Backpacking tents are best for people who like carrying all their camping gear in a rucksack. A backpacking tent also suits people who enjoy walking tour holidays. But there are some factors you should put into considerations before choosing a backpacking tent. Some of the factors include price, weight, space, weather, and more. It’s a different scenario from the car-to campsite, where you don’t bother about the tent’s weight and size.
On average, a tent should weigh 2 pounds per person. For a solo tent, sound quality should range between 1 and 2 kg while two-people tents can weigh up to 4kg. Remember, when backpacking for two people, you can split the weight to ensure you carry the exact weight required; divide the tent, rainfly, and poles. Weight is critical because a lighter tent may have delicate materials, whereas a heavier one may be durable but hectic to carry alone.
How to Choose a Backpacking Tent
A backpacking tent is one of your most crucial gear buying decisions you have to make. The shelter has a significant effect on both your budget and your pack weight. Again, the tent comes in a variety of designs, from minimalist to mansion-esque. To ease your burden on choosing the correct weight of a backpacking tent, consider the following factors;
- Weather conditions likely to encounter- in summer, you need to have a lightweight material tent with more ventilation, but in winter, carry heavy material for more insulation.
- Trip type- for a long trip with lots of elevation, you will have to carry a lightweight and compact backpacking tent to avoid excess fatigue.
- Size and number of people you share with- if sharing a tent with friends, you will need a giant tent, especially for adults. A large tent will mean extra weight, but you can split the tent parts to ensure everyone is comfortable.
How heavy is too heavy for a backpacking tent? For one person backpacking tent, choose a lightweight tent that doesn’t weigh more than 2 lbs. In addition to the 2lbs per person, get a tent that doesn’t weigh more than 7lbs when hiking with friends. If heavier than this, it won’t be comfortable across various terrains until you reach your destination.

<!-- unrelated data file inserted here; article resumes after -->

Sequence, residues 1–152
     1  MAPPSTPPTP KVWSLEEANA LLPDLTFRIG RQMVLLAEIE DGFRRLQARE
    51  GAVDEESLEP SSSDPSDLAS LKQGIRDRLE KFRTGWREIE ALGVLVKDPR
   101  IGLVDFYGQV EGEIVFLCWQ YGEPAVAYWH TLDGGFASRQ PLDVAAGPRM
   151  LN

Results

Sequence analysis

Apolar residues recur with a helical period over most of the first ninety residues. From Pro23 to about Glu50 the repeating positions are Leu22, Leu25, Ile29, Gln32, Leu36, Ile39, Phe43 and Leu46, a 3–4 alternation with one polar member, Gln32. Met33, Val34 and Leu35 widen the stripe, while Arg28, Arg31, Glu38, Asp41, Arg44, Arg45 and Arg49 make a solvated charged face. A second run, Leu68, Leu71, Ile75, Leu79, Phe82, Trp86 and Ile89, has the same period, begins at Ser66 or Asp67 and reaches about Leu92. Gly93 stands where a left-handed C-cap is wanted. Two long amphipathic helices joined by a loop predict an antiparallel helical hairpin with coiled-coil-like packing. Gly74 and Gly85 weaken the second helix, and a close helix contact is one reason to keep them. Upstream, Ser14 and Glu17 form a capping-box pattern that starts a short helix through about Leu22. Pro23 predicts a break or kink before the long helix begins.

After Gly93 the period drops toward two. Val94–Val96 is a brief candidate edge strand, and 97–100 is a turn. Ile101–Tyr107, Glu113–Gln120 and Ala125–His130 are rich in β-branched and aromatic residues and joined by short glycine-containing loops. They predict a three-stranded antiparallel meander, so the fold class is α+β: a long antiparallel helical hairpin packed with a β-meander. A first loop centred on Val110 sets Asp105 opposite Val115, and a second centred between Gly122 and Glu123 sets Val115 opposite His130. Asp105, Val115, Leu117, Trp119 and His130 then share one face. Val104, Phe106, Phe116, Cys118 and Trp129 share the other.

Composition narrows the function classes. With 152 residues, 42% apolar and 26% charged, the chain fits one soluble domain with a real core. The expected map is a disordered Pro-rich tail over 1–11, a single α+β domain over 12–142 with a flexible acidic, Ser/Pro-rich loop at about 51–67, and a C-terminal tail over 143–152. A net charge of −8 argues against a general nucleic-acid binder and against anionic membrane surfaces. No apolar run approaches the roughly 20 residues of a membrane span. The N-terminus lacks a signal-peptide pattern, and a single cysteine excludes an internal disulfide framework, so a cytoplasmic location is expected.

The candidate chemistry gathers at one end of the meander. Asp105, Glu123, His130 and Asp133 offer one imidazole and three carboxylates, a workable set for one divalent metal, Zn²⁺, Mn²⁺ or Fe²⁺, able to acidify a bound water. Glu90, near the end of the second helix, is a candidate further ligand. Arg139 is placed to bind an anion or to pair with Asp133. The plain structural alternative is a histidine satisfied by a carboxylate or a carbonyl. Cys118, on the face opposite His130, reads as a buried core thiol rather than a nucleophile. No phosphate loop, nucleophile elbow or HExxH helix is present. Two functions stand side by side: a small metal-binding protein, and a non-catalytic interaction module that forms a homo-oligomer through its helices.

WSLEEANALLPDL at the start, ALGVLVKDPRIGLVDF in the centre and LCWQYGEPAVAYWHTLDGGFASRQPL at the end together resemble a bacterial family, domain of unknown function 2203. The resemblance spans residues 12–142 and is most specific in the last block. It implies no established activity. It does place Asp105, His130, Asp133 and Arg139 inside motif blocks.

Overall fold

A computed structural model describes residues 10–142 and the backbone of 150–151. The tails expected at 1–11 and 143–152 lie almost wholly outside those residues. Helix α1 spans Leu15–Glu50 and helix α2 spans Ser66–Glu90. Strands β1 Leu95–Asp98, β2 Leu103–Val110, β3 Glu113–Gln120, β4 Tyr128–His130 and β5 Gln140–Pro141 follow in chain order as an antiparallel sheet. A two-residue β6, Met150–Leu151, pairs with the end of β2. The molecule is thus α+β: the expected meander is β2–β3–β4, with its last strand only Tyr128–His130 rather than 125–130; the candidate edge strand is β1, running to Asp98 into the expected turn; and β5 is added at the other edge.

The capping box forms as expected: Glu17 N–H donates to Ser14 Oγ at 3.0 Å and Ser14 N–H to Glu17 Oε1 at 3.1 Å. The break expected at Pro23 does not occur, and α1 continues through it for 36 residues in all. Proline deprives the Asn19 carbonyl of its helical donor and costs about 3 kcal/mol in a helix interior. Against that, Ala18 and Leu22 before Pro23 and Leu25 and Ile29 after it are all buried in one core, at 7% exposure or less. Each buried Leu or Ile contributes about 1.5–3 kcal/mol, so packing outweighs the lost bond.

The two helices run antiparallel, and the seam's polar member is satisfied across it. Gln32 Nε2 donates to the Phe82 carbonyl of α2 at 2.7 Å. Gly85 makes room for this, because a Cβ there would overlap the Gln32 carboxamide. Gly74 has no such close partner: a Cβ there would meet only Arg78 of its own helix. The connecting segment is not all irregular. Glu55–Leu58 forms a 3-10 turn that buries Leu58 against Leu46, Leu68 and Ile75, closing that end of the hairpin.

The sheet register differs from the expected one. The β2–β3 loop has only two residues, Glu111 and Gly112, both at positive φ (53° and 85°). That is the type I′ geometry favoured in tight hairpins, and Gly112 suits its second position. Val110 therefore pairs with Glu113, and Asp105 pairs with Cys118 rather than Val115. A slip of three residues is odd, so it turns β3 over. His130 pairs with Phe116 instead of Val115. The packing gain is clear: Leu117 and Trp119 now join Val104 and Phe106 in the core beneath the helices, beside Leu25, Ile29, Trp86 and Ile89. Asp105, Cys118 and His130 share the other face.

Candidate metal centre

Tips for Lightening Backpacking Load
When considering having the lightest backpacking tent, you also have to cut down other camping gear’s weight. It will be insensible to carry a lightweight tent while the backpacking load is heavy. The base weight, which refers to the backpack’s weight, the gear inside and outside should be less than 10 kg. Therefore, apart from carrying a light tent, consider a lightweight pack, sleeping bag, and other gear.
To achieve the lightweight load, consider the following gear;
- Sleeping bag- the choice you make on the bad depends on the weather at the campsite. But as a rule, ensure you stay somewhere below 1.5 kg. Insulation mainly influences the weight of the sleeping bag because a warmer bag will weigh more.
- Backpack – choose a light pack even if it’s costly. There are tents meant for ultralight hiking, like a 60-liter backpack that weighs under 1 kg; an example is Osprey 48L.
Other Lightweight tips
- Choose a tent with carbon stakes as they are ultralight. You can consider using your trekking poles for support instead of carrying stakes. Other options to consider for light backpacking load are; ultralight hammocks, tarps, and bivy sacks.
- If hiking in a group, it’s best to distribute the shared gear evenly.
- Ensure your tent is dry before packing, as it will add significant weight if wet.
- If the tent is larger than the backpack, use a compression bag to become as tightly as possible.
- If hiking alone, an ultralight shelter is the best as it’s compact and will easily fit in the bag.
- Learn to pack your tent in the right way for you to have a comfortable hike.
Backpacking Tent Weight Comparison
A one-person tent is a definitive expression of going ultralight. For a simple model tent meant for the summer season, it’s the lightest compared to more than one-person tent capacity. For instance, the Yosemite weighs 3.26 for one person, while BFULL weighs 11.5 pounds for four persons. Therefore, the tent model, shape, and capacity affect the weight. To choose a lighter tent, ensure it has a simple design, one-person capacity unless you share it with friends.
|Tent Name||Tent Person Capacity||Tent Weight|
|MIS MOUNTAIN INN||1||3.96 lbs||Check Price|
|Clostnature||2||5.4 lbs||Check Price|
|KIKILIVE||2||2 pounds||Check Price|
|Coleman||Seven or more||26.68 pounds||Check Price|
|AYAMAYA||2||5.7 pounds||Check Price|